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I've been searching for a solution to this problem but can't seem to find one. I'm sure this general question has been asked before somewhere but hopefully you can help with my specific situation...

I have a class template someClass that contain the following (private) members:

int     size_x;
int     size_y;
int     size_total;
T *     grid;

someClass contains a constructor that looks like this:

someClass (const int x, const int y)
: size_x (x), size_y (y), size_total (x*y)
{
    grid = new T [size_total];
}

a copy constructor that looks like this:

someClass (const someClass & rhs)
{
    size_x = rhs.size_x;
    size_y = rhs.size_y;
    size_total = rhs.size_total;
    grid = new T [size_total];
    memcpy(grid, rhs.grid, size_total*sizeof(T));
}

a member function that looks like this:

T * retGrid (void) const
{
    return grid;
}

and an assignment operator that looks like this:

someClass & operator= (const someClass & rhs)
{
    if (this != &rhs)
    {
        size_x = rhs.size_x;
        size_y = rhs.size_y;
        size_total = rhs.size_total;
        grid = new T [size_total];
        memcpy(grid, rhs.grid, size_total*sizeof(T));
    }

    return *this;
}

I'm trying to pass the following two someClass objects

someClass<double> *I1 = new someClass<double>(10,10);

someClass<double> I2 = *I1;

to a function outside of the someClass class with the following prototype:

int someFunction(double *arr);

This call works fine:

int status;
status = someFunction(I1->retGrid()); // Properly working function call

but this does not

status = someFunction(&I2.retGrid()); // Compiler gives error that says "error: invalid lvalue in unary &"

And if I call someFunction like this:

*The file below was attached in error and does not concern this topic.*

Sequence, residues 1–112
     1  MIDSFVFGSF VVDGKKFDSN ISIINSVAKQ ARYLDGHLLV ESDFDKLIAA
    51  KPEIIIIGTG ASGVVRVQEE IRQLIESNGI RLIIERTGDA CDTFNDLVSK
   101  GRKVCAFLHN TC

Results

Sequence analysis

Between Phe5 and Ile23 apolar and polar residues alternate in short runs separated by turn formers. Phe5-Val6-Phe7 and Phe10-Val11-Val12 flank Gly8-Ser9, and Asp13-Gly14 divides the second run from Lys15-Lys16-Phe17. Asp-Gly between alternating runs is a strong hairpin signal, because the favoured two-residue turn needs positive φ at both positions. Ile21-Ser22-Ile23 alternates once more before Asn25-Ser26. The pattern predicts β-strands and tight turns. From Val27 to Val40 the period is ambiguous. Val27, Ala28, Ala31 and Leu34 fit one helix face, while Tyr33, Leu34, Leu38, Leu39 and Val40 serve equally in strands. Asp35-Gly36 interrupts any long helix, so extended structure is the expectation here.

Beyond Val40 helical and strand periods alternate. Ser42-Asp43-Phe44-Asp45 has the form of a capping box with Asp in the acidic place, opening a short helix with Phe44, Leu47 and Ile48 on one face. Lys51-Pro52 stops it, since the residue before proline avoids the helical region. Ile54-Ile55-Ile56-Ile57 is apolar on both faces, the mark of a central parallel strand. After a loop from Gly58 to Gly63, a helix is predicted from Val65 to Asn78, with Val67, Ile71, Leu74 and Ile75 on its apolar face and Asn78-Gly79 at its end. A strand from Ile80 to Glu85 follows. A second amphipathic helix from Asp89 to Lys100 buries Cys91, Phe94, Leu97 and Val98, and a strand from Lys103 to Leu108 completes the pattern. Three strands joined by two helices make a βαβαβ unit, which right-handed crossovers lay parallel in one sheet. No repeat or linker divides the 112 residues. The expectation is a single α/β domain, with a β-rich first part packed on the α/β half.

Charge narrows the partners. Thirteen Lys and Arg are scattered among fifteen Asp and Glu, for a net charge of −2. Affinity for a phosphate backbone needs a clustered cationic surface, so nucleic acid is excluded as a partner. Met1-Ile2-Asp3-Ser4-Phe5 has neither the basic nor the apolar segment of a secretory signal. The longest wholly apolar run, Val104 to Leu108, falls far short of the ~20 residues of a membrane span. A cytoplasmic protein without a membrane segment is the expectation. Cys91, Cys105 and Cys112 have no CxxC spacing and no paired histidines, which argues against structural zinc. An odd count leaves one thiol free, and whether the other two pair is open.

status = someFunction(I2.retGrid()); // Compiler gives no error but function returns error value in status

the code compiles but I get a run-time error (a bad status value from another function call within someFunction).

How can I properly pass I2 to someFunction?

Many thanks...

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2  
You need to define a copy constructor. –  nbt May 20 '11 at 12:31
    
Thanks Neil, I do have a copy constructor in my code but I left it out of this post. I edited the post to include it now. –  Evan May 20 '11 at 12:36
    
Can you check the contents of I2 (e.g. dump them out or examine in a debugger)? Has it been correctly copied from I1? (I am guessing that your "bad status value" might reflect the content of the passed double array in some way.) –  AAT May 20 '11 at 13:00
1  
The copy constructor exhibits undefined behavior for all instantiations of the template in which T is non-POD. You should replace the memcpy with a call to std::copy(rhs.grid, rhs.grid+rhs.size_total, grid). –  David Rodríguez - dribeas May 20 '11 at 13:19
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5 Answers

You are trying to take address of the temporary object (in this case, a pointer but this doesn't really matter) returned by retGrid. Hence you cannot use the & approach.

Without the ampersand, you would pass the internal array from I2 to someFunction. If that's not fine for you (i.e. since you get some kind of runtime error), consider making a copy of this array and passing it to someFunction instead.

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Thanks Xion...what is your suggestion for the best way to make a copy to pass to someFunction? –  Evan May 20 '11 at 12:38
    
@Evan: You can't pass a raw array like this, and ever expect to get a copy automatically without some sort of intermediate step. You can pass your class directly, or you can manually copy your array and pass the copy. –  Dennis Zickefoose May 21 '11 at 1:40
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When you have pointers in your class and you have to allocate memory for each object, you need to define a copy constructor and an assignment operator. You only added the later. This initialization

someClass<double> I2 = *I1;

is actually performed with a copy constructor, not with the assignment operator. It is identical to

someClass<double> I2(*I1);

However, it is wrong, because you only allocate memory for grid. But if grid was already allocated (from a previous assignment) you'd leak memory. So it should look like this:

someClass & operator= (const someClass & rhs)
{
    if (this != &rhs)
    {
        size_x = rhs.size_x;